Unexploded WWII bomb causes Italy travel havoc

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Unexploded WWII bomb causes Italy travel havoc
An unexploded WWII bomb closed traffic on Italy's busy A1 Motorway for two hours on Wednesday. Photo: Micheal Bolton/Flickr

Italy was cut in two this morning as an unexploded WWII bomb was removed from a field in Umbria, stopping traffic on Italy's busy A1 motorway that joins Milan to Bologna, Florence, Rome and Naples .


People were evacuated from their homes in the area, while the motorway and railway lines between the Umbrian towns of Orte and Orvieto were closed as the army worked to defuse and remove the 450kg device on Wednesday morning, La Repubblica reported.

By the time the bomb, found on Monday, was safely removed, there were queues of cars a kilometer long in both directions along the motorway.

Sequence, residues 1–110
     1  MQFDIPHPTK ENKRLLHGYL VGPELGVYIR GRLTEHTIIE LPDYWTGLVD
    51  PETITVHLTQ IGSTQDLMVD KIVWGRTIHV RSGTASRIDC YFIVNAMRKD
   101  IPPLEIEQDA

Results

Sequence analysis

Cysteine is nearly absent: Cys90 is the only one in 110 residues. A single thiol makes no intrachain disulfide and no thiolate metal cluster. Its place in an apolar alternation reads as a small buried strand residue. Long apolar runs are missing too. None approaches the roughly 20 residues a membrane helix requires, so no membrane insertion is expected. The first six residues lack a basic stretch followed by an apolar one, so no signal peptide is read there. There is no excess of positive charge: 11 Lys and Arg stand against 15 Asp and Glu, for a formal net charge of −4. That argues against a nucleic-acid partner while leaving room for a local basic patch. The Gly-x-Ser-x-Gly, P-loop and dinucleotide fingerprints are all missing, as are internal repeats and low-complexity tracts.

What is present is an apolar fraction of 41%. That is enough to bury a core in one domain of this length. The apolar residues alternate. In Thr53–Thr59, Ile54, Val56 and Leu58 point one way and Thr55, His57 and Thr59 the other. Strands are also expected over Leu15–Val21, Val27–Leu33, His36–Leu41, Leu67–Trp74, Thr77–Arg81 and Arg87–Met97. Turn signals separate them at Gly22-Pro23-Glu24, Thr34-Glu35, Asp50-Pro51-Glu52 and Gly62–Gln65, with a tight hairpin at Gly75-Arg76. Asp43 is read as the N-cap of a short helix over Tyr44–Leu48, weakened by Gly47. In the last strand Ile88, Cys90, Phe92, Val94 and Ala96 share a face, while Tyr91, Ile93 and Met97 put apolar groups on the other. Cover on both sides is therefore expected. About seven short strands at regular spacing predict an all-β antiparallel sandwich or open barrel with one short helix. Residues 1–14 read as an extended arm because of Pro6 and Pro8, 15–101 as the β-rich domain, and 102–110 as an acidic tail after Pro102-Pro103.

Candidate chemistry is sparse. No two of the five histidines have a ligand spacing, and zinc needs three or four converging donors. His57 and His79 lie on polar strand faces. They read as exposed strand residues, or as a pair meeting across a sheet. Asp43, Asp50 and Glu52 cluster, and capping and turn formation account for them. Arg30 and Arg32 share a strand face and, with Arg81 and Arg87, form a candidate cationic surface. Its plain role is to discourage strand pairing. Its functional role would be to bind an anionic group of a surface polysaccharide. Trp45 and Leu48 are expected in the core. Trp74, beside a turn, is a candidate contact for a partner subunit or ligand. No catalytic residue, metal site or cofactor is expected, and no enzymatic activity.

All train services between Rome and Florence were stopped for two hours.

After being defused, the bomb was taken to a nearby quarry, where it was successfully destroyed via a controlled explosion.

It is difficult to estimate how many unexploded bombs from the Second World War period are still lying under Italian soil, but every year notable examples turn up in gardens and on beaches across the country as a deadly reminder of the war.

Last summer an unexploded bomb closed the Airport of Catania in Sicily.

During the war, Anglo-American forces dropped some 370,000 tonnes of bombs on Italy, causing 100,000 deaths.

At that time, incidences of fuse failure were much more common and experts estimate that as many as 30 percent of all devices dropped may have failed to detonate. 


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